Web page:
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I have a cross-platform mobile game project that runs on both iOS and Android. On iOS, the audio is perfect, but on Android, the audio becomes very choppy when several sounds are playing. I’ve worked with FMOD on iOS previously, but this is my first Android project.

Here is our Android setup:
[list:zts5jnv7]
[:zts5jnv7]Using AudioTrack rather than OpenSL (mostly so we could easily start and stop the audio when the app was backgrounded)[/:zts5jnv7]
[:zts5jnv7]Running at a low bitrate (20000)[/:zts5jnv7]
[:zts5jnv7]I have doubled the default buffer size and number of buffers (was this wise?)[/:zts5jnv7]
[:zts5jnv7]The app uses the cocos2d-x framework; FMOD is started and called on cocos2d’s thread[/:zts5jnv7]
[:zts5jnv7]Not sure if this is significant: we’re using the FMOD Event system, and it’s pumped as a cocos2d scheduled update[/:zts5jnv7]
[/list:u:zts5jnv7]

One thing I haven’t ascertained yet is whether it’s really multiple sounds that trigger the choppiness, or whether it’s actually happening when the CPU is under load.

I’m really just looking for advice on where to go from here in trying to eliminate the choppiness. Some ideas:
[list:zts5jnv7]
[:zts5jnv7]Should I be looking into moving FMOD initialisation and calls onto their own thread? This obviously has some pretty major ramifications for the code structure.[/:zts5jnv7]
[:zts5jnv7]Is there any benefit to running the Java FMODAudioDevice on its own thread, or perhaps on the Android UI thread? I’m not really clear on what the AudioDevice does (other than that it’s required for AudioTrack).[/:zts5jnv7]
[:zts5jnv7]Is there a way for me to get a better picture of what’s causing the choppiness? (E.g. is it really multiple sounds? CPU under load?)[/:zts5jnv7]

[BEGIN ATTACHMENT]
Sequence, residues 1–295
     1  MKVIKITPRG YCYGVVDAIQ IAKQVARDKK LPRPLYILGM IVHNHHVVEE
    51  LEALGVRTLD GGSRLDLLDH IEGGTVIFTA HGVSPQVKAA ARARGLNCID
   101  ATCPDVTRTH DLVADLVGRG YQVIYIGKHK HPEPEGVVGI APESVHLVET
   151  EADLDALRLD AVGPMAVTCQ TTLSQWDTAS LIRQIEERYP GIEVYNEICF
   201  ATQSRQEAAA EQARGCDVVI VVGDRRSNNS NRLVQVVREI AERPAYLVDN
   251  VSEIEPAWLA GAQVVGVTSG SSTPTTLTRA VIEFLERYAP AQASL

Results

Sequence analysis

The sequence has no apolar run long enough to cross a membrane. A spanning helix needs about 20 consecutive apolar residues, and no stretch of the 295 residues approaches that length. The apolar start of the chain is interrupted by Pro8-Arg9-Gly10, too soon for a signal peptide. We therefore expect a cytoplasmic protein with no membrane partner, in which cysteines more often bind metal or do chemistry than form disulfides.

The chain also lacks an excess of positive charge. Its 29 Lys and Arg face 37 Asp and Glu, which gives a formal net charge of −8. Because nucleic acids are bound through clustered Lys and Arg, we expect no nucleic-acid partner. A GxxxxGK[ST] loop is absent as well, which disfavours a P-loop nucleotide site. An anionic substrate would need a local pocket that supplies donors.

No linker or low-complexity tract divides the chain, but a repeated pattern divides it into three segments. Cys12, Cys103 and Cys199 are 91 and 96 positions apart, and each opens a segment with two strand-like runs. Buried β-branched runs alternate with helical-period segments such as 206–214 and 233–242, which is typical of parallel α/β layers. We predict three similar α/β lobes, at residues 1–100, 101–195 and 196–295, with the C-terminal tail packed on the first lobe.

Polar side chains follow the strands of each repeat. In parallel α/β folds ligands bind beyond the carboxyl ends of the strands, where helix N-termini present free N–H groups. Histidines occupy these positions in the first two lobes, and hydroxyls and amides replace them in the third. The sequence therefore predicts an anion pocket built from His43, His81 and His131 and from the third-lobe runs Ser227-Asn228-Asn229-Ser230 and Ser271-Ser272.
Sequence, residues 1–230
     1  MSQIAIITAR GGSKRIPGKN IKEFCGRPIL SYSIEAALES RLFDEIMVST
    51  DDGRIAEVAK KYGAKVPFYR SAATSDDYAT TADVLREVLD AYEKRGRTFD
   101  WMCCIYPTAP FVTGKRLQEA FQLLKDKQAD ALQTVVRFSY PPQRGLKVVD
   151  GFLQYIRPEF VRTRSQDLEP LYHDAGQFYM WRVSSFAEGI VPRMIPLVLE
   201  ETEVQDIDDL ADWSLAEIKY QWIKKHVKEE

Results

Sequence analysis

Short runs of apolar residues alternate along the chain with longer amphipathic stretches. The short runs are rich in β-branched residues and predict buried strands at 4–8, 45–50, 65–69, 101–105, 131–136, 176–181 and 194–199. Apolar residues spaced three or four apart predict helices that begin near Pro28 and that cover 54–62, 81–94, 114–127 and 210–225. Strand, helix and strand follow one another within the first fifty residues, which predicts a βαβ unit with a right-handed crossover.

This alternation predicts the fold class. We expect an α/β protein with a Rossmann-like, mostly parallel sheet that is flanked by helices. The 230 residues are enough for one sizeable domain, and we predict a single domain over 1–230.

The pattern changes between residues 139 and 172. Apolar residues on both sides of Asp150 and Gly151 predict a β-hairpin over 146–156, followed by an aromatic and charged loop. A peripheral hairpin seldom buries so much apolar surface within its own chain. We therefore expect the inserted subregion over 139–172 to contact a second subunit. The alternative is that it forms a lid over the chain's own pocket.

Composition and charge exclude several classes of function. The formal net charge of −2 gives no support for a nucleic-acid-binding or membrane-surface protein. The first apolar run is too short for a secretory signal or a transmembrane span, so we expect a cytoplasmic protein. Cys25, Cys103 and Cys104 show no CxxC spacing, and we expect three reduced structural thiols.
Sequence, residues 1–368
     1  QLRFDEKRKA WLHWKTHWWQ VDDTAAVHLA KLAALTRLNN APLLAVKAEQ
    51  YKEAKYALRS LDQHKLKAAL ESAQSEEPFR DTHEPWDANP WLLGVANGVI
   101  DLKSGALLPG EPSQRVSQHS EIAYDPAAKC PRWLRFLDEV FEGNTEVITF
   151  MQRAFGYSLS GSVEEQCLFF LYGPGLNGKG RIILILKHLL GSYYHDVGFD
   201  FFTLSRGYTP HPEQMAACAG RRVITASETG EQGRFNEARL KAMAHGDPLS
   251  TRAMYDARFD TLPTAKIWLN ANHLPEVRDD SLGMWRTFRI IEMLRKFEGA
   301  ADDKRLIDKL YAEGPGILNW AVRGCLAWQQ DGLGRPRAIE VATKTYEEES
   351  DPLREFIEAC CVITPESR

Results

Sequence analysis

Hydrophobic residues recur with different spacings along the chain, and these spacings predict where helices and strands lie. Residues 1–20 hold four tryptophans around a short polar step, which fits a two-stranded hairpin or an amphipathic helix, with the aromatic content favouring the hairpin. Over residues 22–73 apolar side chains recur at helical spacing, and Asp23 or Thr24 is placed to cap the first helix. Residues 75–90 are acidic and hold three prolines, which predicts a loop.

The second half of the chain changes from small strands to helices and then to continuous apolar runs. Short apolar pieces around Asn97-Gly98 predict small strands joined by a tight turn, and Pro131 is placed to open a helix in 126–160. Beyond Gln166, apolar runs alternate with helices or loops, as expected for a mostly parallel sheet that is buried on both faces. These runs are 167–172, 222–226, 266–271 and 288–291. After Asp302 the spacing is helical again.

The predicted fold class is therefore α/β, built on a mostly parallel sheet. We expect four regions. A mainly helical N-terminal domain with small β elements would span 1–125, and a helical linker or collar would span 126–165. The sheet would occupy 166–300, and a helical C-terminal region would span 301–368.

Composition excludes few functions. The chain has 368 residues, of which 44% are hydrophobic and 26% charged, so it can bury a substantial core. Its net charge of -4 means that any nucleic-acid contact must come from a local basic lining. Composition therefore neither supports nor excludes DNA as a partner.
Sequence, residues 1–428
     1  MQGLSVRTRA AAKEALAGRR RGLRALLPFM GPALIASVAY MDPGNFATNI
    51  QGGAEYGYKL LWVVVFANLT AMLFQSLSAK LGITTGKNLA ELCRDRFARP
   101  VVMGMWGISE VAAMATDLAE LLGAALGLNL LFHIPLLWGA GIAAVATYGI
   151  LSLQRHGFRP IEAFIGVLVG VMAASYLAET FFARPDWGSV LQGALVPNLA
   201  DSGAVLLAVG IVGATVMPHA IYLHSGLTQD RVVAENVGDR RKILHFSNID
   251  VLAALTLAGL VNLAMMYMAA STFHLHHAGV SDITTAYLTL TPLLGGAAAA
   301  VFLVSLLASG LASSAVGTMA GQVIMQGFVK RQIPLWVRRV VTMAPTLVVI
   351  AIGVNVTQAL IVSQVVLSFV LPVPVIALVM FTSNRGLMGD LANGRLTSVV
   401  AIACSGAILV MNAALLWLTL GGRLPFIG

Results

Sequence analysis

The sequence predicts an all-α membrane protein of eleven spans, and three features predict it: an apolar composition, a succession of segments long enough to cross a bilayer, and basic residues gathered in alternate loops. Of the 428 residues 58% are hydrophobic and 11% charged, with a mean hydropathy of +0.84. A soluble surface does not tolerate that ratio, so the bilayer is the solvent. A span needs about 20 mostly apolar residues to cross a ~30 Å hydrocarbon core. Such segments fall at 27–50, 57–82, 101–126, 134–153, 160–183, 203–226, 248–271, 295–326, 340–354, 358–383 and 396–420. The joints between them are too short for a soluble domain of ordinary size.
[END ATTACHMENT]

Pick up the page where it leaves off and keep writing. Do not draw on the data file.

[/list:u:zts5jnv7]

Thanks in advance, everyone! I’ll really appreciate some pointers on where to go from here.

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[quote:37z5hgty]I have doubled the default buffer size and number of buffers[/quote:37z5hgty]
This is often necessary on Android to overcome stuttering, you should adjust the buffers until you strike a good balance between stable playback and acceptable latency.

[quote:37z5hgty]Should I be looking into moving FMOD initialisation and calls onto their own thread? [/quote:37z5hgty]
No, it is safe to init FMOD on any thread, however you should keep all your FMOD calls on that same thread to avoid synchronization issues.

[quote:37z5hgty]Is there any benefit to running the Java FMODAudioDevice on its own thread, or perhaps on the Android UI thread?[/quote:37z5hgty]
No, internally FMODAudioDevice is a small piece of code that will create its own thread for passing audio from FMOD to Java.

[quote:37z5hgty]Is there a way for me to get a better picture of what’s causing the choppiness?[/quote:37z5hgty]
Yes, try System::getCPUUsage, as the CPU load approaches 100% things will start to sound choppy, which I believe your problem will be. I would recommend re-evaluating how many sounds you are playing at once, what DSP effects you are using and your choice of compression for audio. If you can report back your usage I might be able to advise some changes.

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[quote="mathew":1ots78qv]I would recommend re-evaluating how many sounds you are playing at once, what DSP effects you are using and your choice of compression for audio.[/quote:1ots78qv]

I figured that a different compression method should be my first port of call. Two of the fsb banks were already using ADPCM, but the third was on MP2. I changed it to ADPCM and, lo and behold, all stuttering was cured! Fortunately, we have a bit more of a disk space and RAM budget for audio on Android compared to iOS, so this is a change I can afford to make. In fact, I think the Android sound quality is now [i:1ots78qv]better[/i:1ots78qv] than on iOS, which I never thought I’d hear happen.

Thanks for your great suggestions, Mathew — this one turned out to be easier than I thought, but I really benefitted from your expertise. Cheers and have a great Christmas. :)

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